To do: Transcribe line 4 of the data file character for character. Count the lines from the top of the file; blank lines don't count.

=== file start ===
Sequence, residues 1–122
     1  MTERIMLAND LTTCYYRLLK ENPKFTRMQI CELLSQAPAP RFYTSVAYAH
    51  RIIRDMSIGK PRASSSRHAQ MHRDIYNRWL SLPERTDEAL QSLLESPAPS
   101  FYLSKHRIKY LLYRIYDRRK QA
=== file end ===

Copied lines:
   101  FYLSKHRIKY LLYRIYDRRK QA